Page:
If everyone had their brains scanned by an MRI machine, the findings would report observable differences in how each brain functions. There’s a term for this: neurodiversity. If we dig deeper into the world of neuroscience, we learn that brain differences are categorized as functional or structural, the latter being the physical, observable differences in the brain that characterize the traits we assign to disorders such as dyslexia, ADHD and autism. For parents, helping their children navigate how their particular brain functions can be highly impactful for their futures.
Struggling with Structural Differences
In 2017, Shawn Brown, an award-winning engineer and star of YouTube’s Kids Invent Stuff, took to the TEDx stage to explain how, as a dyslexic, his accomplishments and career trajectory happened despite the education system, not because of it.
Brown’s form of dyslexia impacts his memory, making education elements like testing difficult. To compensate, Brown focused on practical work and written assignments. His workarounds got him into engineering school and garnered him the 2010 UK Young Engineer of the Year Award. Brown was able to accomplish these things through decoding how his brain works.
“It’s been widely suggested that dyslexia and other learning differences ultimately have stood the test of time because they’ve overcome and stood beyond natural selection,” Brown said in his TEDx talk. “They’re there because they’re advantageous.”
Neurodiversity and Evolutionary Advantage
According to the American Medical Association’s (AMA) Journal of Ethics, it’s widely believed both behaviors and differences in the brain are considered “adaptive” rather than a collective “disorder.”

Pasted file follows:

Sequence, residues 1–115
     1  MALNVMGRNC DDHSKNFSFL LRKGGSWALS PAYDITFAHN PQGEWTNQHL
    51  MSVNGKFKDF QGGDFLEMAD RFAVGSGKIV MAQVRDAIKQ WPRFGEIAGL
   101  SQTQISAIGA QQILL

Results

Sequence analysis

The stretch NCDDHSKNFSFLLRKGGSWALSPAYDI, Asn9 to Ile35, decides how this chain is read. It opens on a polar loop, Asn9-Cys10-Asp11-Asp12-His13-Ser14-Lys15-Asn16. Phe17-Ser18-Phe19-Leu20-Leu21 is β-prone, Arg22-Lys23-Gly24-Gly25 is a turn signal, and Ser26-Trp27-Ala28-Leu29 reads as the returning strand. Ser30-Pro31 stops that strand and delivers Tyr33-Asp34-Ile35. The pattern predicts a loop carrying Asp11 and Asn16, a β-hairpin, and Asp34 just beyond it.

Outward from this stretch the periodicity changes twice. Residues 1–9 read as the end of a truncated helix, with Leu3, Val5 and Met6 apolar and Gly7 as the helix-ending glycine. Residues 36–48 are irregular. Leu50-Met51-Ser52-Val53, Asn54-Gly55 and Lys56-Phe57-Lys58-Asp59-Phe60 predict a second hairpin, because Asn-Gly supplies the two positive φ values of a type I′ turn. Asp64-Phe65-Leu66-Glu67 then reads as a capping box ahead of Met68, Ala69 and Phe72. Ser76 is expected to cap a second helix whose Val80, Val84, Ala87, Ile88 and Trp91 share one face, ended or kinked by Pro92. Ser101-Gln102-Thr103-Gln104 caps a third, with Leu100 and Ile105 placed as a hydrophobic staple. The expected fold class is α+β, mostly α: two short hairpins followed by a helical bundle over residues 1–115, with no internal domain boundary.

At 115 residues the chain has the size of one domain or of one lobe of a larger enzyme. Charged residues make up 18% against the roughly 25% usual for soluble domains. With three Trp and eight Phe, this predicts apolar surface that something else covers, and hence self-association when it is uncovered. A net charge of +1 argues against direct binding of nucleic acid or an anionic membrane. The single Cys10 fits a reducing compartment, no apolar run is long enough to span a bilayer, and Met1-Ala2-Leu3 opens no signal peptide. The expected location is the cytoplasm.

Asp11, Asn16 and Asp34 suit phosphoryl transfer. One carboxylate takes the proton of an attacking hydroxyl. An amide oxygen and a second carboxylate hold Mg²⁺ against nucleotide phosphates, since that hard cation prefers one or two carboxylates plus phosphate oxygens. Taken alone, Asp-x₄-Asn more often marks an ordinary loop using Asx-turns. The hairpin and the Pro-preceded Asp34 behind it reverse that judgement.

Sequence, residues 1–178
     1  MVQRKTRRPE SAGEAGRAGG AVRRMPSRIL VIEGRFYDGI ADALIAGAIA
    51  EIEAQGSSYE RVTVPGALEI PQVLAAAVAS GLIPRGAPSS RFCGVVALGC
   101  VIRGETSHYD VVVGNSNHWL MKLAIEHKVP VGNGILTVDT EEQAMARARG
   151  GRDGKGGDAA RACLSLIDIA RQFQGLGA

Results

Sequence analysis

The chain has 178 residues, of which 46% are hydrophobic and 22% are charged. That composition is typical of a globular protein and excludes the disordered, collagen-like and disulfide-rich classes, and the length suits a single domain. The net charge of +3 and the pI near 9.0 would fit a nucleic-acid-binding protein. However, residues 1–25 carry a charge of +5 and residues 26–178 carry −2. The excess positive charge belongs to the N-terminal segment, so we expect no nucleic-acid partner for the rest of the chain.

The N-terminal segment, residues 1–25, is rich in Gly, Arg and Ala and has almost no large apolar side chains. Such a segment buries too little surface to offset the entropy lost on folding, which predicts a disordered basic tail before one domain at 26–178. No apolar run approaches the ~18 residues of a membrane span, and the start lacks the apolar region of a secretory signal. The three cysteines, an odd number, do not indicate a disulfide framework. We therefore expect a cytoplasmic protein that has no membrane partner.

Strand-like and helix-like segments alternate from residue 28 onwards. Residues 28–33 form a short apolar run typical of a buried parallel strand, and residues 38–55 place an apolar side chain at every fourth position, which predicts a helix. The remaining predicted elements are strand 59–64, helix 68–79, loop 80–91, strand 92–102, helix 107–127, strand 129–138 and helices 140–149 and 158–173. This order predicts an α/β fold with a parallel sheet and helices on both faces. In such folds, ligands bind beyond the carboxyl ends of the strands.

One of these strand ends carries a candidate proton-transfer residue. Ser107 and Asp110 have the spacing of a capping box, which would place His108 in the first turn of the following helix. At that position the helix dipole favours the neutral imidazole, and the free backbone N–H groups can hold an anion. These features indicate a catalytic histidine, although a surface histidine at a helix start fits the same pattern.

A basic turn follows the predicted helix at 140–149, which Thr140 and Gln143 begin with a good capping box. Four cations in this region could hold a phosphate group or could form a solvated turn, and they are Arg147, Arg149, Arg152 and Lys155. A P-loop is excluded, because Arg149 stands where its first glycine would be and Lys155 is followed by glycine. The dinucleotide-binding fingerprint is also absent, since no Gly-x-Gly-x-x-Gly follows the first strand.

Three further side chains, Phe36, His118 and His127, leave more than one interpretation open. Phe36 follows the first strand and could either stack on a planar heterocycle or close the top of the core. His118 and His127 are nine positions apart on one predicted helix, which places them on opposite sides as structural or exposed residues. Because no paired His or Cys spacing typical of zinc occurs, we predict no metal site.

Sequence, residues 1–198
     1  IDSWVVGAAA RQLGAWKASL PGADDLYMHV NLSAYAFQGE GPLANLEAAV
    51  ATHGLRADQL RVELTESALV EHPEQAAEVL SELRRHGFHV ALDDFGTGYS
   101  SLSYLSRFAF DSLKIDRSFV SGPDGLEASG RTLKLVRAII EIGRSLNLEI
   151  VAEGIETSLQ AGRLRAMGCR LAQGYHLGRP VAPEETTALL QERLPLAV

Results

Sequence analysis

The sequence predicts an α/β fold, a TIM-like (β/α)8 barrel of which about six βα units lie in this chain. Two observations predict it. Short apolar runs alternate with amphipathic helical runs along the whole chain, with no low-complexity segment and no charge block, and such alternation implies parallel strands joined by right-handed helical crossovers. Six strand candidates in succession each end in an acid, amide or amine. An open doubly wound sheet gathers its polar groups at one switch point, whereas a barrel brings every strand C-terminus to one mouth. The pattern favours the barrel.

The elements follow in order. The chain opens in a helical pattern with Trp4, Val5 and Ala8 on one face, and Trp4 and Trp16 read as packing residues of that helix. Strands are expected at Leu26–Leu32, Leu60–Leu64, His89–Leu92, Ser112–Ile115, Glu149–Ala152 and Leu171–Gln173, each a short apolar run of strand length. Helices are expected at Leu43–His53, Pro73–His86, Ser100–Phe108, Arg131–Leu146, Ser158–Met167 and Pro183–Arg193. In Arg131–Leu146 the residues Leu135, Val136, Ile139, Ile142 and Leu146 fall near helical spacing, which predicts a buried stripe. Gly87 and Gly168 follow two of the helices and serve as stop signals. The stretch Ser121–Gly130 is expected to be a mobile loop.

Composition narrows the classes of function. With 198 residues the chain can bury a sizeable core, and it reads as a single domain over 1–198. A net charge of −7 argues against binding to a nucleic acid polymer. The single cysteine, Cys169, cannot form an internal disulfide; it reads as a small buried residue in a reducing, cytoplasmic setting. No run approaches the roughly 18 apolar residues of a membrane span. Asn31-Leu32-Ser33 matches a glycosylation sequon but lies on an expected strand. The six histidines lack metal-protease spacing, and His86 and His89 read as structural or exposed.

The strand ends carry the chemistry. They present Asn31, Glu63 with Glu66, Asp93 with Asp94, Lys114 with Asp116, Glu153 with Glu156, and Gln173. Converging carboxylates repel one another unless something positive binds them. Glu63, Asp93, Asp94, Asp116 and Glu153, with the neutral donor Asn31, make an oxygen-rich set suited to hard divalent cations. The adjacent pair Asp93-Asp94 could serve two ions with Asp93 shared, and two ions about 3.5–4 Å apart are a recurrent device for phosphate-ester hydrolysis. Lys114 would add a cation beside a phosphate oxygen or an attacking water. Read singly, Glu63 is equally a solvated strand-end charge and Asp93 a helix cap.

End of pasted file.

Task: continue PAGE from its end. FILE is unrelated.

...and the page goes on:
In Thomas Armstrong PhD’s AMA article, “The Myth of the Normal Brain: Embracing Neurodiversity,” he states that “a growing number of scientists are suggesting that psychopathologies may have specific evolutionary advantages in the past as well as in the present. [For example] the abilities of individuals with autism spectrum disorder might have been highly adaptive for the survival of prehistoric humans.”
Despite suggestions that neurodiversity is beneficial and may be prudent to evolution, it’s often perceived as a liability. Others view neurodiversity as opening up a world of opportunity, innovation and unique problem-solving for those who step outside the box.
“One notable study in the US observed that 35% of entrepreneurs identified themselves as dyslexic,” Brown said in his talk. “Dyslexic people often have strong visual, creative and problem-solving skills, and are prominent among engineers, inventors and architects, as well as in the arts and entertainment world.”
Similarly, some people on the autism spectrum can look past emotional bias to faster solutions for problems. Those with ADHD can focus periods of high energy to come up with creative, spontaneous ideas.
Neurodiversity and Traditional Education
Taking into account the numerous advantages of observable differences in the brain, these very traits are still perceived as flaws in traditional education models. Often given the most weight when evaluating a student’s performance are memory and literacy skills.
If Brown’s academic capacity had been determined this way, he likely wouldn’t have racked up his myriad accomplishments. His take, “If you’ve been assessed predominantly on the basis of your reading and writing ability and how much you can remember in an exam when your skills lie elsewhere, is it surprising that many neurodiverse young people end up unemployed and struggling to find work?”
Brown points to the UK’s prison system, where approximately 50% of inmates have dyslexia, as opposed to 10% in the general population. “We’re alienating and persecuting neurodiverse children instead of supporting them.”
For parents, this could mean encouraging modalities of learning based on the child’s interests that foster growth and creativity. In other words, work with their child’s differences rather than around them.
Perhaps Brown put it best when he said, “It’s our collective responsibility to ensure that young people in schools can learn in ways that embrace and support their creativity and their neurodiversity. If we don’t, we’re going to miss out on the innovators, problem-solvers and inventors that we need in our ever-changing world.”